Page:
We eventually get above the trout, and this is where the magic happens. These fish have now seen dead-drifted subtle presentations first, and slightly more aggressive presentations next using the artificial movement of the slow swing. However, you know there are more fish present that haven’t taken the fly. So the next step is to go above the likely water, swing the nymphs down to where the fish should be, and just hold them there. No jiggle, no lift; just let them sway around in the current, looking enticing.
Not very exhilarating fishing, right? Well, believe me, when this technique starts catching trout in water you have just fished for nothing, it gets exhilarating quickly! And don’t just let the nymphs sit there for 5 seconds (about the usual limit for even the most patient angler); wait for up to a minute.
Why so Slow?
I couldn’t believe it when this technique started working after leaving my flies stationary for such a long time. So why are the fish waiting so long to eat these flies? A few situations over the coming seasons shed some light on this.
The first occurred on the Meander River in a crystal-clear plunge pool. The nymph went into the pool, I held it quite close to the surface, and a little brown trout swam up off the bottom like a 6lb Western Lakes brown with all the time in the world. When it got to the fly, the trout ate it without a break in its leisurely stride, before slowly turning back down. There was no urgent flash at the fly, no quick slash; just a slow, confident take like this fish had done it a thousand times before. The lesson was, trout aren’t always rushing to eat the fly – a common misconception given the tap-tap nature of a downstream take.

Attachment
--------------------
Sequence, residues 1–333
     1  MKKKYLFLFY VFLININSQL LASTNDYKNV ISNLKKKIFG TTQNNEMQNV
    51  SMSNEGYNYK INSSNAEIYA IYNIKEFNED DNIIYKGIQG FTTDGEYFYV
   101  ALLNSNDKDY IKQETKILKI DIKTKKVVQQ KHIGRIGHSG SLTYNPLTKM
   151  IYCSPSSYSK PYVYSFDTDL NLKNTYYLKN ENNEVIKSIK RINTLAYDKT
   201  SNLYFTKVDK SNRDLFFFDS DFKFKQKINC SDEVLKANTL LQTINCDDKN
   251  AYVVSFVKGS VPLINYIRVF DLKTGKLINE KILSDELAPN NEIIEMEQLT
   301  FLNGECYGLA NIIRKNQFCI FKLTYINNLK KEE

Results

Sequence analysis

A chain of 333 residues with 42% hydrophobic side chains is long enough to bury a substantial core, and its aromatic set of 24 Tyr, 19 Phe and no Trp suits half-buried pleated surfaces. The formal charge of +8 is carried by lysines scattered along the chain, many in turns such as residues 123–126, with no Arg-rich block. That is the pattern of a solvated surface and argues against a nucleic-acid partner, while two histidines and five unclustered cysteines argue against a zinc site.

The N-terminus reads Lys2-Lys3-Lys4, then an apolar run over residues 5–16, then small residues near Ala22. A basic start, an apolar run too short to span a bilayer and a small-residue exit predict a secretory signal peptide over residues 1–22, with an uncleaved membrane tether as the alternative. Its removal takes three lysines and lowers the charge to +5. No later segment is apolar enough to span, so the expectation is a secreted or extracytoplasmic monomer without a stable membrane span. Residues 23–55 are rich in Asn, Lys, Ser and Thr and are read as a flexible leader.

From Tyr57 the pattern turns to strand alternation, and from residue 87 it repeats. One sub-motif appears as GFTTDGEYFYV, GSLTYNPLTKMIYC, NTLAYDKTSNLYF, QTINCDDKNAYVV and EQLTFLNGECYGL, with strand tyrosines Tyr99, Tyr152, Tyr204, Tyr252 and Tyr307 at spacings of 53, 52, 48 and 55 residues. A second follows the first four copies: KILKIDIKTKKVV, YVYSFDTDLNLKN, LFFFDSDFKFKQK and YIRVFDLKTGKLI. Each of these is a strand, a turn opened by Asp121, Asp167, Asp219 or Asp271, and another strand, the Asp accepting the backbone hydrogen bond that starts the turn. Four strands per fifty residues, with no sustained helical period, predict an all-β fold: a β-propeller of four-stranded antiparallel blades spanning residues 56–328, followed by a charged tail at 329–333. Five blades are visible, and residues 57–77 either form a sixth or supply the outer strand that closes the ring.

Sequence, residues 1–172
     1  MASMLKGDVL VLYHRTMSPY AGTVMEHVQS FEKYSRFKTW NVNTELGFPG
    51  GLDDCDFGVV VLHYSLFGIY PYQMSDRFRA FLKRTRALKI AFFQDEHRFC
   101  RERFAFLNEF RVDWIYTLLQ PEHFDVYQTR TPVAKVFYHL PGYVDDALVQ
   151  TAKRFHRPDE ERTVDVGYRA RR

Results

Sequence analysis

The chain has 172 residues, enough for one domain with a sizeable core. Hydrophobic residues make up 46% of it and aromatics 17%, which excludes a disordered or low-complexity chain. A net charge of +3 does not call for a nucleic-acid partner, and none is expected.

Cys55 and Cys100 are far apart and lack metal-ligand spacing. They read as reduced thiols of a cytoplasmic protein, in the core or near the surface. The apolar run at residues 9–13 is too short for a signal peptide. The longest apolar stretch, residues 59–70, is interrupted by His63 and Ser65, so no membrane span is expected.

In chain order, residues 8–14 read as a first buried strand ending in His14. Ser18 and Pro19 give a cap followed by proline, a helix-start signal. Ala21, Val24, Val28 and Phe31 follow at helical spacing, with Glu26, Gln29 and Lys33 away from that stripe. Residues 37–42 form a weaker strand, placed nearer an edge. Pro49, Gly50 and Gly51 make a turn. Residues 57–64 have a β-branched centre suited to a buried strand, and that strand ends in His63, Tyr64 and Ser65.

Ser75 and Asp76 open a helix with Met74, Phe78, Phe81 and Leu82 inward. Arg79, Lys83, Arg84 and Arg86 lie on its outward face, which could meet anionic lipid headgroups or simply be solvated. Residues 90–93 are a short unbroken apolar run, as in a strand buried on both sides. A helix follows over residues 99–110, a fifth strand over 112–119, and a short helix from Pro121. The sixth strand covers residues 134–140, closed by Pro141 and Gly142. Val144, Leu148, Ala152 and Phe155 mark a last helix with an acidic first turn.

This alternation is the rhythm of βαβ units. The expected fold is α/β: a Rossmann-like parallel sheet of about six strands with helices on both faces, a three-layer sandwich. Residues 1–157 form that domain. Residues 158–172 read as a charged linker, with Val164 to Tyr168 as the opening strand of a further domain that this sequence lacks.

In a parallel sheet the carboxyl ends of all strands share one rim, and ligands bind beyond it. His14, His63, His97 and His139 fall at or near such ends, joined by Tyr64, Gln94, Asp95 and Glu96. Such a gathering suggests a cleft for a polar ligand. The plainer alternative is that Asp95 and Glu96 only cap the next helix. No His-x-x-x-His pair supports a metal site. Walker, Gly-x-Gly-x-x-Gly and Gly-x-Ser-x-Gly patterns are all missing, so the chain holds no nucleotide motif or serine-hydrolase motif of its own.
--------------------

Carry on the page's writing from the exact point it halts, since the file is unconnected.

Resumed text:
Another factor which could explain a trout’s slow response, is simply its decision whether or not to actually eat the fly. Will I or won’t I? Perhaps it’s like us going into a fast food shop when we’re not that hungry. At first you don’t want anything even though it’s right there. But then that bloody smell gets you, and you end up eating fries and a burger you didn’t really want. I’ve convinced myself it’s the same for these fish. They see the fly there and after a while it just plays on their tiny minds. Then eventually, they eat it. And in common with a weak moment with greasy food, they soon regret it!